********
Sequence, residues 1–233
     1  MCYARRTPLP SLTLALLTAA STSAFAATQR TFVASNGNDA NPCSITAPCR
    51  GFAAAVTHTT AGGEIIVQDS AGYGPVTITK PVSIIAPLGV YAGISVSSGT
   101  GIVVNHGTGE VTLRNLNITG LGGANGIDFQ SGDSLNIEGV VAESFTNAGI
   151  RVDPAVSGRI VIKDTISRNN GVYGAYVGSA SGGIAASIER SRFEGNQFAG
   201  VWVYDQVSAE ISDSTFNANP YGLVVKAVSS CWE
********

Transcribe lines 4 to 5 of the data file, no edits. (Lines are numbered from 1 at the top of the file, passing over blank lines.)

   101  GIVVNHGTGE VTLRNLNITG LGGANGIDFQ SGDSLNIEGV VAESFTNAGI
   151  RVDPAVSGRI VIKDTISRNN GVYGAYVGSA SGGIAASIER SRFEGNQFAG